YOUTH team boss Terry Pashley admits he is frustrated at the Elite Player Performance Plan holding his players back.
Last season Pashley guided Burnley to the semi-finals of the FA Youth Cup - beating Academy set ups in Ipswich, West Brom and Fulham along the way - and final of the LFA Youth Cup.
And this term his young charges stunned Manchester United at Old Trafford in the FA Youth Cup, before bowing out after a brave effort against Manchester City at the Etihad Stadium.
However, while clearly proving they can compete at that standard over a sustained period of time, in the bread and butter of Football League Youth Alliance League games, Burnley take on the likes of Accrington Stanley, Fleetwood Town, Wrexham, Preston North End, Blackpool, Oldham Athletic, Carlisle United, Rochdale, Shrewsbury Town, Macclesfield Town, Walsall, Morecambe and Tranmere Rovers.
Pashley would love to give his players the experience of playing against the Citys and Uniteds every week, but as Burnley are only rated at category three of the EPPP - a scheme initiated by the Premier League in October 2011 - that is a long way away.
All clubs have been audited, given category status of one to four, with one being the most elite, taking into account the likes of productivity rates, coaching provisions, quality of facilities and education and welfare provisions.
The higher a club’s category, the more central funding it will receive, with a budget of up to £300m over the next four seasons.
Burnley pitched for category three, which concerned a number of supporters with the next audit not until 2016.
Certain factors will have to change to upgrade, the main problem being that the 3G indoor facility at Turf Moor is not big enough in terms of dimensions.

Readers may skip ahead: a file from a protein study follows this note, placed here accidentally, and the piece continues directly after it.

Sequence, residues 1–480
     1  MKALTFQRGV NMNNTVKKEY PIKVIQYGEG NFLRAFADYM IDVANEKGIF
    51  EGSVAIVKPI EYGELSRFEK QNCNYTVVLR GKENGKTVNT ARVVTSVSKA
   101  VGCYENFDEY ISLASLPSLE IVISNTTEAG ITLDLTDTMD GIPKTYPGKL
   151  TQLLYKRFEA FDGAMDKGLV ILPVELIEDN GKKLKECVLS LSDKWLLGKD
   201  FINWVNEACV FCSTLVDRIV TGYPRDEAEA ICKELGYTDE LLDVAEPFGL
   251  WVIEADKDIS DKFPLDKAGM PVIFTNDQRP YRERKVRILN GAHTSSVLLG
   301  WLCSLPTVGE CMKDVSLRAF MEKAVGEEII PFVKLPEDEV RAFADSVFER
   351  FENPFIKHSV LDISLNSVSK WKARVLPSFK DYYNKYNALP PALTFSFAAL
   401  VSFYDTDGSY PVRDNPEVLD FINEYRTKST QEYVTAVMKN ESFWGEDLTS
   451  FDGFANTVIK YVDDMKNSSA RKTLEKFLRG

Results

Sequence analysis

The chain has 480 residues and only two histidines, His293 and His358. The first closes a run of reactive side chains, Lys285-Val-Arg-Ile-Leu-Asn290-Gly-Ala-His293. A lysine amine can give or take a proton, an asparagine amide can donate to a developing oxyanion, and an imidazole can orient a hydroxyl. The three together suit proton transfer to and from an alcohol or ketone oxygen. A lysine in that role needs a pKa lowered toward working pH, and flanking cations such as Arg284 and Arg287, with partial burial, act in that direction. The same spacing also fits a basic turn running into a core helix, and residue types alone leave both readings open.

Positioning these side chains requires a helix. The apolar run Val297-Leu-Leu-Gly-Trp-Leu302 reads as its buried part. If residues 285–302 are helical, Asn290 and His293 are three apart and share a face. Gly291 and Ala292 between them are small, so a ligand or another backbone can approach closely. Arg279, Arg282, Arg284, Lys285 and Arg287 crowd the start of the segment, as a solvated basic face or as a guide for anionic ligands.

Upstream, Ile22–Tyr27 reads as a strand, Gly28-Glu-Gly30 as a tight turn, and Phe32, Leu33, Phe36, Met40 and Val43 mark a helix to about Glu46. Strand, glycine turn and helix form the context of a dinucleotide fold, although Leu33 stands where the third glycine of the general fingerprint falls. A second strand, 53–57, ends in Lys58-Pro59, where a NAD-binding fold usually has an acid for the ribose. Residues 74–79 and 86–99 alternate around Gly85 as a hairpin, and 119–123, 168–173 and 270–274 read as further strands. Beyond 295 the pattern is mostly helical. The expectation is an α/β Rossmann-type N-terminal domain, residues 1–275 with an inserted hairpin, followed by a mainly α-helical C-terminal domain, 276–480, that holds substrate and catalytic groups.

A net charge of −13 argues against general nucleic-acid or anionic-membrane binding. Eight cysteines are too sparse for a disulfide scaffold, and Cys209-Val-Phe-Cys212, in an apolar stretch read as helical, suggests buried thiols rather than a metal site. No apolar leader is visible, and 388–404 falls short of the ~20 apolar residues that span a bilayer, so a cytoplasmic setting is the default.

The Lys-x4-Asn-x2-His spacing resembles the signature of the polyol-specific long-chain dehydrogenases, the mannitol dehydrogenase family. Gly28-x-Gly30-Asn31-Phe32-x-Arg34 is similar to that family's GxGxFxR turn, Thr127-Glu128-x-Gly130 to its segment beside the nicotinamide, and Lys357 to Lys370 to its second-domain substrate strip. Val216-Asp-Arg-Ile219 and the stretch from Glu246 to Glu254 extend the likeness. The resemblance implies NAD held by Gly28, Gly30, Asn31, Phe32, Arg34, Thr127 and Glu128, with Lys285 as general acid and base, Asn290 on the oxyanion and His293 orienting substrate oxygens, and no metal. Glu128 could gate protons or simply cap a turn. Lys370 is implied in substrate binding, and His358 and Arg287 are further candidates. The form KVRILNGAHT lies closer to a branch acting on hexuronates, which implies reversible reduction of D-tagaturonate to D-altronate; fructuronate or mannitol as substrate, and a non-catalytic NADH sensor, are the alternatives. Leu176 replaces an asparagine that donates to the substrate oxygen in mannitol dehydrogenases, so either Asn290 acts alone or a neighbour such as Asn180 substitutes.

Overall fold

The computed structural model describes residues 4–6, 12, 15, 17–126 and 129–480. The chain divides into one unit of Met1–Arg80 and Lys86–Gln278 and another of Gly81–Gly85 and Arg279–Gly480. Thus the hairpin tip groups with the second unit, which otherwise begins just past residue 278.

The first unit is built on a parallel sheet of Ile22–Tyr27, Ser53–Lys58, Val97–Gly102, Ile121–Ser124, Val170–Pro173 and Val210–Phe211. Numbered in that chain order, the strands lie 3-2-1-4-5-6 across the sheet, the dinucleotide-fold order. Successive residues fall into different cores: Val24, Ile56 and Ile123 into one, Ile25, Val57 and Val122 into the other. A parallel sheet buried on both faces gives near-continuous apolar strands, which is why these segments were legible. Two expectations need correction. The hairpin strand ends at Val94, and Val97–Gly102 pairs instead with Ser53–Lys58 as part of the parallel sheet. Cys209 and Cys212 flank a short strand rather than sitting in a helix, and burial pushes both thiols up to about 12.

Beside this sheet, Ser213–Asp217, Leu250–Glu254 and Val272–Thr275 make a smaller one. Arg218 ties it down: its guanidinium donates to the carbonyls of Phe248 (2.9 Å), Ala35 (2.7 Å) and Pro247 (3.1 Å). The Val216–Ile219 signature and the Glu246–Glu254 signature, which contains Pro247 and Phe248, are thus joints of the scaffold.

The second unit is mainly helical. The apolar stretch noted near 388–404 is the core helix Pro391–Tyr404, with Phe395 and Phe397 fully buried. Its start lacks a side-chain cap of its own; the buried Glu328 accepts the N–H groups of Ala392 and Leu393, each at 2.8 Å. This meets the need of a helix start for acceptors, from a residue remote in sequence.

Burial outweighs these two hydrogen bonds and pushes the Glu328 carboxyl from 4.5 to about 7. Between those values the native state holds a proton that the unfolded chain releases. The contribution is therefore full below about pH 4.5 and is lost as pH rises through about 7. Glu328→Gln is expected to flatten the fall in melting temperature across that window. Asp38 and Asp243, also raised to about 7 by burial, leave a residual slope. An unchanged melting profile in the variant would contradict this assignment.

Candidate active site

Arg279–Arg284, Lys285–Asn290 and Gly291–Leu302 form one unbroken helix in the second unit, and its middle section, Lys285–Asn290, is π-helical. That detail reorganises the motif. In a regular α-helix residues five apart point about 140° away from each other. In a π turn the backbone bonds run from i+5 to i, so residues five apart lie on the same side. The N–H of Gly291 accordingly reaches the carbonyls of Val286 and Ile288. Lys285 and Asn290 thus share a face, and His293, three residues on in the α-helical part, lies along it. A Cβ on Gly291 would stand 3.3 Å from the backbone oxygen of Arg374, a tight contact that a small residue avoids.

It leaves Burnley trailing behind most of the Championship, never mind the Premier League, while the likes of Crewe and Brentford are also better off, with category two status.
Pashley, who has helped develop the likes of Paul Weller, Chris Brass, Paul Smith, Richard Chaplow, Kyle Lafferty, Chris McCann, Jay Rodriguez and Cameron Howieson, feels Burnley are missing out, and is incredulous that the size of an indoor pitch is one of the reasons: “There are a couple of areas (holding us back) I think.
“I know the indoor area is one, for the dimensions of it.
“Why should the dimensions of an indoor area stop you playing?
“‘You can’t do this because you haven’t got that?’.
“It’s what you do on the football pitch that matters.
“I get a bit baffled by decisions like that.
“At the end of it, does it not mean that we’re not good enough as a football club, with our kids, to go and compete?
“I think we are.
“So why should the dimensions of one building stop us doing that?
“Football hasn’t changed.
“Football clubs are about players and games and what people do out on the grass - not, for me, about how big a building is.”
Category one clubs play against category two, and Pashley wants to test his players against a higher standard on a more regular basis.
After the 2-0 defeat at City - a side which cost £5m in transfer fees - he mused: “The one disappointment is that we can only come up against these teams in the cups.
“From the club’s point of view, that’s a little bit disappointing for me.
“But we are where we are, I don’t worry about things I can’t really control.
“But it would be nice to test the boys against this type of opposition week in, week out, and I’m sure the boys would improve so much quicker.
“I think to play at that level we would have to be pushing for category two and above.
“That’s out of my control, that’s the club’s decision where we play and what we do. That’s nothing to do with me. From a personal point of view and a football point of view, I would love it if we could turn out against the Premier League clubs every week.”